This study, therefore, evaluated whether adoption of HSR may have led to packaged food reformulation using panel data techniques . It also analysed differences in reformulation by baseline product healthiness. In the context of voluntary labelling, this is an important analysis to help improve the capacity for policies such as HSR to affect reformulation.
The primary data sources on food formulation were mandatory back-of-pack NIP data from both Australia (2014 to 2018) and NZ (2013 to 2019) on nonseasonal packaged products sold at major supermarkets in both countries. Using a difference-in-differences design with product- and time-level fixed effects, we controlled for both within-product confounding and market-wide reformulation effects that may have biased the results of our study. The outcomes examined were changes in the density of the 4 targeted negative nutrients in HSR—energy, sugars, saturated fat, and sodium; and 2 positive constituents—protein and fibre. Another outcome was the HSR rating score itself, which we imputed for all products at all time points using NIP data and the publicly available HSR algorithm. Lastly, we examined heterogeneous effects of HSR adoption by the healthiness of products defined using their imputed HSR ratings, before HSR label adoption.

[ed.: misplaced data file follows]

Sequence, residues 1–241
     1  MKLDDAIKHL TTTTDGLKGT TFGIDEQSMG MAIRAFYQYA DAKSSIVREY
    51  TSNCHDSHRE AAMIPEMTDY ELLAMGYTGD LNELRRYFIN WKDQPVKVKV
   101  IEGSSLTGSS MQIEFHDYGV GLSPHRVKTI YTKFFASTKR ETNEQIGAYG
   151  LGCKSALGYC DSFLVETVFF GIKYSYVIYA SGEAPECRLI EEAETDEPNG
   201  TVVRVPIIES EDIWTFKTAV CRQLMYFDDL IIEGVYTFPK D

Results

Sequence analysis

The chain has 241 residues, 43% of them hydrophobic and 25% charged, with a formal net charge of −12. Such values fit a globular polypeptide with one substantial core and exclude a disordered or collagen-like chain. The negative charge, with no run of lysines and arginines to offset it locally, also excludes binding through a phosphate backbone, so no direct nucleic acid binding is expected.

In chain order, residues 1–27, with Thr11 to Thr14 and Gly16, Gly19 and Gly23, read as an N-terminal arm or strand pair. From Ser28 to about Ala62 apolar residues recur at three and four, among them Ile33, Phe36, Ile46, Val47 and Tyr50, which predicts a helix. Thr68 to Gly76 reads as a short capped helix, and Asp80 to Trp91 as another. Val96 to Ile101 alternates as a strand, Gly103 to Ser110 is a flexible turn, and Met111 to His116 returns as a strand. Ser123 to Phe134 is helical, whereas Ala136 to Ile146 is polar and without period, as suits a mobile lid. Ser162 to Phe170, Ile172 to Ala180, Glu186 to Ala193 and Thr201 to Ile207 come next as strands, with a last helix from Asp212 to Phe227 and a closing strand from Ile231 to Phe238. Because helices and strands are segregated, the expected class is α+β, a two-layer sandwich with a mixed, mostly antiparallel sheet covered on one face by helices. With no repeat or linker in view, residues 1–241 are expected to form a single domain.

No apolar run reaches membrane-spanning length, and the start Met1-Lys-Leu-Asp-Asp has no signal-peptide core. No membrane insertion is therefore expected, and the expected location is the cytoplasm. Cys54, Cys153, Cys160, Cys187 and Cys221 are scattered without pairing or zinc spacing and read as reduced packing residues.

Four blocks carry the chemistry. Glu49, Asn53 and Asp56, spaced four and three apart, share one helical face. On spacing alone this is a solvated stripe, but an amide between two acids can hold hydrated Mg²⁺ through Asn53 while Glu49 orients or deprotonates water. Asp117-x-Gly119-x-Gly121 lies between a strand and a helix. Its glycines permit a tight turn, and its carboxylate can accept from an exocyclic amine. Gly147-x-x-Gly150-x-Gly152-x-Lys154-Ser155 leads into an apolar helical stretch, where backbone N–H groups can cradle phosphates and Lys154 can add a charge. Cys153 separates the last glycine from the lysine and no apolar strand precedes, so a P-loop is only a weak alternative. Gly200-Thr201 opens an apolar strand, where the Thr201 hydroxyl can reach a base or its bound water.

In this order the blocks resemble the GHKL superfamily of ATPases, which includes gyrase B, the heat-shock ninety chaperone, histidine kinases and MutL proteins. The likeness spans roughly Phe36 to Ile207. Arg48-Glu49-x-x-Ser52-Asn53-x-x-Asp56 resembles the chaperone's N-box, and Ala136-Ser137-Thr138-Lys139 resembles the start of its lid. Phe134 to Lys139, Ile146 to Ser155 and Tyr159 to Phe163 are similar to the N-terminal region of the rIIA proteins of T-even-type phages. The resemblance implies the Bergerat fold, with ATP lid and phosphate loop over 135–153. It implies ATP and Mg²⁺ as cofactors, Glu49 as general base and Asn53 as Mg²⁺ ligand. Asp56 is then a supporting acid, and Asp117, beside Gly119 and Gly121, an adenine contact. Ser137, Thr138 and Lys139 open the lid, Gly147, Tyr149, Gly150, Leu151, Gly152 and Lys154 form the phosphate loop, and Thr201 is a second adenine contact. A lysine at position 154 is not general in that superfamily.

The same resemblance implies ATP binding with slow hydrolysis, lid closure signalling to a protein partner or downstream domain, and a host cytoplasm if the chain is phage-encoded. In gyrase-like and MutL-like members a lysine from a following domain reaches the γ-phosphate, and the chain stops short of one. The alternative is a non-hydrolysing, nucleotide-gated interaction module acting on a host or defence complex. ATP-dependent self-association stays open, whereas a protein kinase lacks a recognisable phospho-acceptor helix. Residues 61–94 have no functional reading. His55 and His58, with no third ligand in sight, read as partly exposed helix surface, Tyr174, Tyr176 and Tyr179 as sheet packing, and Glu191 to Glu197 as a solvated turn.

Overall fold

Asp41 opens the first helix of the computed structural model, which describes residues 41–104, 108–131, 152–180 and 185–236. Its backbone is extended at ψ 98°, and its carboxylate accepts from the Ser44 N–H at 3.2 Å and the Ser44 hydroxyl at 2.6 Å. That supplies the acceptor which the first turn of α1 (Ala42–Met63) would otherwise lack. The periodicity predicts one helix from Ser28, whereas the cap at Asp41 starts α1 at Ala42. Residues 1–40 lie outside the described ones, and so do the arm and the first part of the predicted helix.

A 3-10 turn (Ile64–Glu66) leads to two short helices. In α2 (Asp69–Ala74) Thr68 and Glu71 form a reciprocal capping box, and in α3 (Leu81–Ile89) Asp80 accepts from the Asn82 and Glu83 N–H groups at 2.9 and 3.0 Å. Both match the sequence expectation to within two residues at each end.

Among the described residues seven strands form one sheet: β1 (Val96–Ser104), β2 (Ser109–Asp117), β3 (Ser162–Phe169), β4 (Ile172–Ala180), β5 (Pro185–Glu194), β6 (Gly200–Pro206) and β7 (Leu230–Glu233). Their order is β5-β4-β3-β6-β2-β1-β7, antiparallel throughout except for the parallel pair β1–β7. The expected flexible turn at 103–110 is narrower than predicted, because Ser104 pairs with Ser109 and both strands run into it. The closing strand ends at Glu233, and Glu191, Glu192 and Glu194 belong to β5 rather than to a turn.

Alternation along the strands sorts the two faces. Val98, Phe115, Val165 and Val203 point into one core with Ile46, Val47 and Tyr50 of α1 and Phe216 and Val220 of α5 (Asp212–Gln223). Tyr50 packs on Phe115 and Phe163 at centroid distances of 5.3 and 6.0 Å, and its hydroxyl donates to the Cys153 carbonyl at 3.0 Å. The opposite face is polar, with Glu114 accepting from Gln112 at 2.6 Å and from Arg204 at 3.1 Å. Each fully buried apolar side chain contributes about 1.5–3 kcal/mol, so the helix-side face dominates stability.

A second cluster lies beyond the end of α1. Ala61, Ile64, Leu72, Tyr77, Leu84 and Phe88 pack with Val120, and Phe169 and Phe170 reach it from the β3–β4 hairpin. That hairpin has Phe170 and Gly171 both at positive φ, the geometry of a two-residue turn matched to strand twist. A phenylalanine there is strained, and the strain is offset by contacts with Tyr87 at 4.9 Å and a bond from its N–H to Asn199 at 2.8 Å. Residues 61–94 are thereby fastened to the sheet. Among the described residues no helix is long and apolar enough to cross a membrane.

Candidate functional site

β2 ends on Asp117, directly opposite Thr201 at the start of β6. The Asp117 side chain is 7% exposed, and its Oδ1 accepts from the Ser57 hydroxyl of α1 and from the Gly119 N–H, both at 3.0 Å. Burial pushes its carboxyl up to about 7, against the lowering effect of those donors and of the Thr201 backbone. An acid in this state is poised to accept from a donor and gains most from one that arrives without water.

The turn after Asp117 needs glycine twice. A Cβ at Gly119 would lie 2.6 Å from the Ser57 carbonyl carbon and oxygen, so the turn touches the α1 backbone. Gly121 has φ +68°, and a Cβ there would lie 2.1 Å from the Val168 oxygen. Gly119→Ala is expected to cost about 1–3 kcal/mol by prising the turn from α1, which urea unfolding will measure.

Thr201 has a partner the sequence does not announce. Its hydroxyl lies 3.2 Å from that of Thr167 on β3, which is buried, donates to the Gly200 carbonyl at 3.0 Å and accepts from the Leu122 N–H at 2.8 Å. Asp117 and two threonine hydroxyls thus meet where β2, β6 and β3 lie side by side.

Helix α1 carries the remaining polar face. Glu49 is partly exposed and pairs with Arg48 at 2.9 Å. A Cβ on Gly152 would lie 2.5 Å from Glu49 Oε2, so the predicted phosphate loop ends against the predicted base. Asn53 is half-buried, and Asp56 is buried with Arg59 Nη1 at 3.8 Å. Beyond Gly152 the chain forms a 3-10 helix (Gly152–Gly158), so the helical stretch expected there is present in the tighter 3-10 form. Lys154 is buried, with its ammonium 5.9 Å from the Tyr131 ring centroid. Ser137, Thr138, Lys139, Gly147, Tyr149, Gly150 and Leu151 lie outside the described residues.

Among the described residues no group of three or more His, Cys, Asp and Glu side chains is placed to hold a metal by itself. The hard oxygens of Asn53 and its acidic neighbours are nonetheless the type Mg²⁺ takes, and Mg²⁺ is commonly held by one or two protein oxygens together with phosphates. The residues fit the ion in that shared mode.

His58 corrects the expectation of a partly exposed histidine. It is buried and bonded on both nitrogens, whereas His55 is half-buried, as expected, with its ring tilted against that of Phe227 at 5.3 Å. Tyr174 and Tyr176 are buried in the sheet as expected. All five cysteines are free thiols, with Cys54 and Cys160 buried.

Although a prospective design for this study does not exist, relevant portions of the grant funding for this study are provided in S9 Text. The grant specified using fixed-effects and difference-in-differences methods to study the impact of HSR on product reformulation, and this study conforms to the broad research design and questions therein. We note the following key changes from the grant: First, data available in late 2019 were used to provide timely evidence for the program. Second, the nutrient profile score was replaced with HSR score as an outcome to enhance the study’s relevance, since most stakeholders only observe the HSR score. Data-driven changes to the analysis include dropping a detailed analysis of FVNL composition across products due to proprietary algorithms used in imputing FVNL content. We also became aware of issues with fibre content within the datasets and ran analyses for robustness, as described below. Lastly, our reviewers provided many valuable suggestions for analyses to improve the clarity of our data sample. These include the addition of all analyses in S1 and S2 Text, as well as the refinement of the CEM weights used in S5 Text to include food group information.